GENEVA/CHICAGO The World Health Organization said on Tuesday it will convene experts next week to discuss the Zika outbreak, including its impact on the Rio Olympics, as new research suggests only a slight risk that more tourists will be infected at the Games.
The emergency meeting set for June 14 will be the WHO's third regarding the Zika virus outbreak. Such panels are required to meet every three months to review new evidence and consider whether Zika and its ability to cause a rare birth defect should still be classified as an international health emergency.
The meeting comes amid intensifying concerns over holding the Olympics in Brazil, the country hardest hit by Zika. Brazilian authorities have confirmed more than 1,400 cases of microcephaly in babies whose mothers were exposed to Zika during pregnancy. The WHO has advised that pregnant women avoid travel to Zika outbreak areas and that men who have been infected by or exposed to the virus practice safe sex, or abstain from sex, for up to six months.
The group of independent experts, who declared an international emergency on Feb. 1 and last convened on March 8, will "look at evidence around the Olympics and most likely review the travel guidance around that," WHO spokesman Christian Lindmeier said.
A letter signed by more than 200 bioethicists and health experts has called for the WHO to recommend postponing or moving the Olympics to prevent an acceleration of the epidemic's spread. WHO has rejected the call, saying the Games would not have a significant public health impact.
But last week, the agency said it would take up the issue during its emergency committee meeting.
"The role of the emergency committee is to review all new science and all new evidence which has come in over the past months and to review their own recommendations, to make new recommendations or give out new guidance," Lindmeier told a news
Several risk experts are predicting that a very small number of travellers to the Olympics would be infected with Zika. The event begins on Aug. 5, during Brazil's winter, when mosquito activity is low.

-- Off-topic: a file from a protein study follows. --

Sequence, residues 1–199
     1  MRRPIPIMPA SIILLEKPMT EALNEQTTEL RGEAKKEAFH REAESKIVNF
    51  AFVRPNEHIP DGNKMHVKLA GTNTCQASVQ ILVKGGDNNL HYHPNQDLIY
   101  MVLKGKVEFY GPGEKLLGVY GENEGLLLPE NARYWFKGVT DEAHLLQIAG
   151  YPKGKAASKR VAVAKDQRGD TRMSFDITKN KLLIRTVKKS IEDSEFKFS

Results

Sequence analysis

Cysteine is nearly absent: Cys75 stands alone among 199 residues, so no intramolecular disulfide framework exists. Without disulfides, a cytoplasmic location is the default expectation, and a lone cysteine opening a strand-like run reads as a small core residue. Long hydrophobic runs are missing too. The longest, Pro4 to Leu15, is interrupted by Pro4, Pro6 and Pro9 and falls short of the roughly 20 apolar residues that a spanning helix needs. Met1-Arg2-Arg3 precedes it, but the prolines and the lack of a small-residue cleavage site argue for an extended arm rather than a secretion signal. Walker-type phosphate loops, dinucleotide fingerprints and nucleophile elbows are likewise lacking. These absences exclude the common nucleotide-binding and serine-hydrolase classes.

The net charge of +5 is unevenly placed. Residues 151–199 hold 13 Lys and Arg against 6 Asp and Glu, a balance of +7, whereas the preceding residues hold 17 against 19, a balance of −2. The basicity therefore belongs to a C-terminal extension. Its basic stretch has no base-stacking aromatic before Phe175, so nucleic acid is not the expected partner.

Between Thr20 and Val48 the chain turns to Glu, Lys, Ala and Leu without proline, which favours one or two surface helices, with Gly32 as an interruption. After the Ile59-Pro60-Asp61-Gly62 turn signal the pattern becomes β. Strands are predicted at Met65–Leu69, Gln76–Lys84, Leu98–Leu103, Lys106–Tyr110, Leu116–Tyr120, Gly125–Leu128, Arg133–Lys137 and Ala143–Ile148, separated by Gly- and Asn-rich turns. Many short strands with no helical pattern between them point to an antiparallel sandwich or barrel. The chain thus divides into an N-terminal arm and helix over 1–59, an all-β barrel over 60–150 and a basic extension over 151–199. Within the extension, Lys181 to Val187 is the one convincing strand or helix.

Experts at the U.S. Centers for Disease Control and Prevention, for example, project the Olympics would contribute a 0.25 percent increase in the overall risk of disease spread from travel to and from areas with active Zika transmission.
Dr. David Heymann, chair of Britain's Health Protection Agency and leader of the WHO panel of independent experts on Zika, told Reuters last week that postponing the Olympics would create a false sense of security, because travellers are constantly going in and out of Brazil.
Brazilian authorities have sought to allay concerns over the Games as well. The local organising committee for the Olympics said on Tuesday it has not registered a single case of Zika among 17,000 athletes, volunteers and staff during recent test events in Brazil.
Scientists are telling the WHO that the risk of global spread of the virus is "not significantly higher" as a consequence of the Games, Lindmeier said.
"Of course there is a lot of international concern out there, there is a lot of personal concern out there because it's a new disease," he said. "And the best way for us to react to emotional concerns is to look at our deep science and to give clear guidance as good as we can."
New projections obtained by Reuters suggest the risk is small. One Sao Paulo-based research group predicted the Rio Olympics would result in no more than 15 Zika infections among the foreign visitors expected to attend the event.
Although Zika causes mild disease in most individuals, it can cause devastating birth defects in babies whose mothers become infected during pregnancy. As a result, all experts say that pregnant women should avoid travel to any country with active Zika transmission.
Savannah Guthrie, co-anchor of the popular "Today" show on U.S. television network NBC, plans to heed that advice. She said on Tuesday she is pregnant and will not travel to Brazil to cover the Olympics for NBC due to concerns over Zika.
For those who plan to attend the Olympics, WHO and the CDC have recommended precautions to avoid bringing the virus back home where it might be picked up by local mosquitoes and then infect other people. These include wearing protective clothing and using insect repellent.
(Reporting by Julie Steenhuysen in Chicago and Stephanie Nebehay in Geneva; Additional reporting by Anna Driver in New York, Paulo Prada in Rio de Janeiro, Nivedita Shankar in Bengaluru; Editing by Michele Gershberg and Bernard Orr)
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